THE LANGUAGE OF DOUBT – Reading for 31 May

Bloggers note: Sticking with William Barclay again this week, to finish up our readings for May. It has been a fascinating, brief insight into this well-known preacher’s writings from many years ago. It has given me an enjoyable and worthwhile challenge as I have trawled through suitable quotes to read to my elderly friend each Sunday morning. We have both benefitted from the “distanced” contact and conversation over the weeks of staying at home. Hopefully she will be able to return to her much-missed, regular, Sunday Church services soon, and I am sure our little journey together will stand us both in good stead.

“Every Day with William Barclay” William Barclay – Reading for 31 May


Remember some years ago speaking to a man who stands very high in international Y.M.C.A. affairs. He is not English, but he speaks English so well that he would pass for an Englishman anywhere.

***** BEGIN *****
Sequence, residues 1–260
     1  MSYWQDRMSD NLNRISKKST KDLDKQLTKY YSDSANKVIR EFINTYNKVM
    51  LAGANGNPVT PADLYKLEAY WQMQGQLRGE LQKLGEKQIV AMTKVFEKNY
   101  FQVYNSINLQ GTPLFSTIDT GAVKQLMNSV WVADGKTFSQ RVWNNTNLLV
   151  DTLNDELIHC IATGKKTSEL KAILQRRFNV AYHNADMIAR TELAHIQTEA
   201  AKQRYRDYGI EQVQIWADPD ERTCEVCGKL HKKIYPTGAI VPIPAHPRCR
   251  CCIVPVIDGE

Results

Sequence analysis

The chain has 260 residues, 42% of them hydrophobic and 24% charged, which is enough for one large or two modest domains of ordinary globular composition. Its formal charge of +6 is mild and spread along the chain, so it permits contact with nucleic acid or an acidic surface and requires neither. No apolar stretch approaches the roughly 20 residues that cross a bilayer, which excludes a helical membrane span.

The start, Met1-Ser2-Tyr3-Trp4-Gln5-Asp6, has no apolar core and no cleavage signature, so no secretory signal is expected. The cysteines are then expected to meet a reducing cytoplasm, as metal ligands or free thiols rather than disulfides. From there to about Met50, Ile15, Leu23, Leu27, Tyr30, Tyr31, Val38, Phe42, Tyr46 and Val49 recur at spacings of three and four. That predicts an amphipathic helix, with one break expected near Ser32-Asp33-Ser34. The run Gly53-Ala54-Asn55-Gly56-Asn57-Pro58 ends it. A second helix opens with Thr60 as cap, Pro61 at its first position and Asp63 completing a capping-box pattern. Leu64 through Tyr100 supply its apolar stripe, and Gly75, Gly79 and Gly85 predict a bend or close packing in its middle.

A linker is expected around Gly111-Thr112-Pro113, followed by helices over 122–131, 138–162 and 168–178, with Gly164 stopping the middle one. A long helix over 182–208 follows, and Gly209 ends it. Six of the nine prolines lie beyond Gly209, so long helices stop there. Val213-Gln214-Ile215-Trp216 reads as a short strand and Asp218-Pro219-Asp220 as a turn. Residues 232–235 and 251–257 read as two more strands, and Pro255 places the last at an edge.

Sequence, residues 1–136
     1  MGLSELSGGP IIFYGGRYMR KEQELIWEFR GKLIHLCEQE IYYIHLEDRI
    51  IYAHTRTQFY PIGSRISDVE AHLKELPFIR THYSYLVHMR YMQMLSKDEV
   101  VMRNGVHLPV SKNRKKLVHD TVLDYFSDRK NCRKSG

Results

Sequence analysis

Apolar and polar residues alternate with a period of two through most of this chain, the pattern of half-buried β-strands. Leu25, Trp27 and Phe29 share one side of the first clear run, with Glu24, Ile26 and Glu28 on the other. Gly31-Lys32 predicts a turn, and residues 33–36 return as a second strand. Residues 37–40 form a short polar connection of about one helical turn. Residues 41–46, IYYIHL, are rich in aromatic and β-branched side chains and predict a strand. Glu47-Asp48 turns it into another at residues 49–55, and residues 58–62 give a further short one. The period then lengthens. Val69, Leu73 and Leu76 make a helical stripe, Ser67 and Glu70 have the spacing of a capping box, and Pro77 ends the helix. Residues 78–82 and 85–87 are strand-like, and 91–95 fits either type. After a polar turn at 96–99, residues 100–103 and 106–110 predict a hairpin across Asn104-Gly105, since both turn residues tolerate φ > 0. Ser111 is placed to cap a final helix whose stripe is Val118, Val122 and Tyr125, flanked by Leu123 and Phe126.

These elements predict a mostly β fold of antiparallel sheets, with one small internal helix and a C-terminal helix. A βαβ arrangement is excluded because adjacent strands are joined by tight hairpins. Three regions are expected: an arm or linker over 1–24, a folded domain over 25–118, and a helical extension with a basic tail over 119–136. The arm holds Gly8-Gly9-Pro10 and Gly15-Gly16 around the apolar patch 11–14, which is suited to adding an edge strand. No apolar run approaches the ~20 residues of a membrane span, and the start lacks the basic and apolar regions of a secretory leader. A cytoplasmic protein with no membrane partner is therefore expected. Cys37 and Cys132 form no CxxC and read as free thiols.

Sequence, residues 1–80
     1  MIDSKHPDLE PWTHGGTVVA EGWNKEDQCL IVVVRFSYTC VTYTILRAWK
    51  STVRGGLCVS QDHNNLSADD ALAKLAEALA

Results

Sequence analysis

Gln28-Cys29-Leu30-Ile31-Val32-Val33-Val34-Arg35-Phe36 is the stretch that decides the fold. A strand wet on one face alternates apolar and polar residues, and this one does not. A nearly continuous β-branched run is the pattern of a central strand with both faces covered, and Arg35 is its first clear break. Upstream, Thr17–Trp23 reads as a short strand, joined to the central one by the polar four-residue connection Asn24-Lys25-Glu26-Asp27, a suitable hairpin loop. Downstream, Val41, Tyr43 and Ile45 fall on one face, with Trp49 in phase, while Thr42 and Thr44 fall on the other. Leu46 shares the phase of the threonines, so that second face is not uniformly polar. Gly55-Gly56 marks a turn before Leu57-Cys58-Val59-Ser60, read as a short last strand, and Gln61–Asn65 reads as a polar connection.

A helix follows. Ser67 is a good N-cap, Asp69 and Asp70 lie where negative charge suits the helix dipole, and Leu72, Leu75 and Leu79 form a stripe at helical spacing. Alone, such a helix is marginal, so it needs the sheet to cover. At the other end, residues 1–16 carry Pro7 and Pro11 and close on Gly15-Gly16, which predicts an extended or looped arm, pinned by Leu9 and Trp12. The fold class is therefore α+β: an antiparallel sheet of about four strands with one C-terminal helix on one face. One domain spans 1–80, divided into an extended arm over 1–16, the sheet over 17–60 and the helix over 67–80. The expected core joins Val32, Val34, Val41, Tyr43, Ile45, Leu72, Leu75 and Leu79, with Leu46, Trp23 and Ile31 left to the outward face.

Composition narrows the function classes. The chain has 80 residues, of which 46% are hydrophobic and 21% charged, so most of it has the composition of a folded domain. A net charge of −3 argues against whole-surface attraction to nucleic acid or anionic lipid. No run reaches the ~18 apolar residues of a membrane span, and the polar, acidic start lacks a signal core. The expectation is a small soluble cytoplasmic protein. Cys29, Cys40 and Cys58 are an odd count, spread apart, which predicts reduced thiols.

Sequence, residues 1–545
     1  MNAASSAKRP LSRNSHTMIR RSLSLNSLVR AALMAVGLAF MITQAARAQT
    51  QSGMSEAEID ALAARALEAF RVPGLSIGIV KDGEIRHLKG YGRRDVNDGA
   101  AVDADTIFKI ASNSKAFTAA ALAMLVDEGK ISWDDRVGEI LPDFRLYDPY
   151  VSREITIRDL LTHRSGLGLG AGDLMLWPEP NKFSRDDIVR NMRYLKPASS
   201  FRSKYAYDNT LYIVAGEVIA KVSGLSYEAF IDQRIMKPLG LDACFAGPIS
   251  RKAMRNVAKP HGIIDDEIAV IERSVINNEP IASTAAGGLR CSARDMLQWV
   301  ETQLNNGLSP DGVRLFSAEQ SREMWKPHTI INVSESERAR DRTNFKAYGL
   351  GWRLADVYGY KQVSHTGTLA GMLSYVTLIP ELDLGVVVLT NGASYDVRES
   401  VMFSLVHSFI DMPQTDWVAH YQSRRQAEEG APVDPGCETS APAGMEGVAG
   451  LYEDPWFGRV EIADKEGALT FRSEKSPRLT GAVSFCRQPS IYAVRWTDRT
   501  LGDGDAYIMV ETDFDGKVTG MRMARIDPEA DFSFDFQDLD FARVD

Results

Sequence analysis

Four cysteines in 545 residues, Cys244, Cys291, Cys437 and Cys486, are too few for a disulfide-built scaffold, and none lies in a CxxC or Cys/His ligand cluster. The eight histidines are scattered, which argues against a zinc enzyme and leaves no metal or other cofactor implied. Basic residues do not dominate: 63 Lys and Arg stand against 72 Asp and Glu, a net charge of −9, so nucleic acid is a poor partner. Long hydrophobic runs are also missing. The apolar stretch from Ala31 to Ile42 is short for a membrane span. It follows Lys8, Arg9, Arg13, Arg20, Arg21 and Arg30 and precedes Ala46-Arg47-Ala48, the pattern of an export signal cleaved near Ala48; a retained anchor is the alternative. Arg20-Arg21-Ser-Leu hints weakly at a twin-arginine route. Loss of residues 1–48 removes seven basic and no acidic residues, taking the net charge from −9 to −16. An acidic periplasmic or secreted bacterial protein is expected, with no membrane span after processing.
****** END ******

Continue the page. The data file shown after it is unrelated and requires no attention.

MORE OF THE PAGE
In the course of our talk, I asked him how many languages he spoke. He told me that he spoke Swedish – his native language – English, French, German and Spanish.
He not only spoke these languages conversationally, he spoke them well enough to make public speeches in them.
We may never acquire a grasp of foreign languages like that, but, if we are going to help people, there are certain languages which we need to be able to speak.
For example, the language of doubt.

It is very difficult for a man who has never experienced a twinge of doubt to talk to a man whose mind and heart are tortured by questions.
It was said of someone that he had “skirted the howling deserts of doubt”. And a wise man, commenting on that, said that he would have been much better to go through them and come out on the other side.
A faith is not the highest kind of faith until it has been tested.

We should never be ashamed of having doubts. They are the way to real certainty. Only the man who has had them and faced them can help others.
Tennyson said, rightly, that there is often more faith in honest doubt than in the unthinking acceptance of a conventional creed.

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